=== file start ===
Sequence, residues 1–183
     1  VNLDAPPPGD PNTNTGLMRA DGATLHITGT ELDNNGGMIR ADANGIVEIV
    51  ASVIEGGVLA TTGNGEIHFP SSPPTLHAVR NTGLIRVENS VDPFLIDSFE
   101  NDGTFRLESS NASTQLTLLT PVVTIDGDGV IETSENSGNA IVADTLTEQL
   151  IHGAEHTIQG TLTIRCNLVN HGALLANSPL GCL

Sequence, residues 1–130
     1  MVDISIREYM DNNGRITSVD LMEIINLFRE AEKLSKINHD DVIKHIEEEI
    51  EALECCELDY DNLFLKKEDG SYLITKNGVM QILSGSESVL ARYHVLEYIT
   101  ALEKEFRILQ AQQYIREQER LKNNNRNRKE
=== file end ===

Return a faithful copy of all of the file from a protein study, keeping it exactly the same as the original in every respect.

Sequence, residues 1–183
     1  VNLDAPPPGD PNTNTGLMRA DGATLHITGT ELDNNGGMIR ADANGIVEIV
    51  ASVIEGGVLA TTGNGEIHFP SSPPTLHAVR NTGLIRVENS VDPFLIDSFE
   101  NDGTFRLESS NASTQLTLLT PVVTIDGDGV IETSENSGNA IVADTLTEQL
   151  IHGAEHTIQG TLTIRCNLVN HGALLANSPL GCL

Sequence, residues 1–130
     1  MVDISIREYM DNNGRITSVD LMEIINLFRE AEKLSKINHD DVIKHIEEEI
    51  EALECCELDY DNLFLKKEDG SYLITKNGVM QILSGSESVL ARYHVLEYIT
   101  ALEKEFRILQ AQQYIREQER LKNNNRNRKE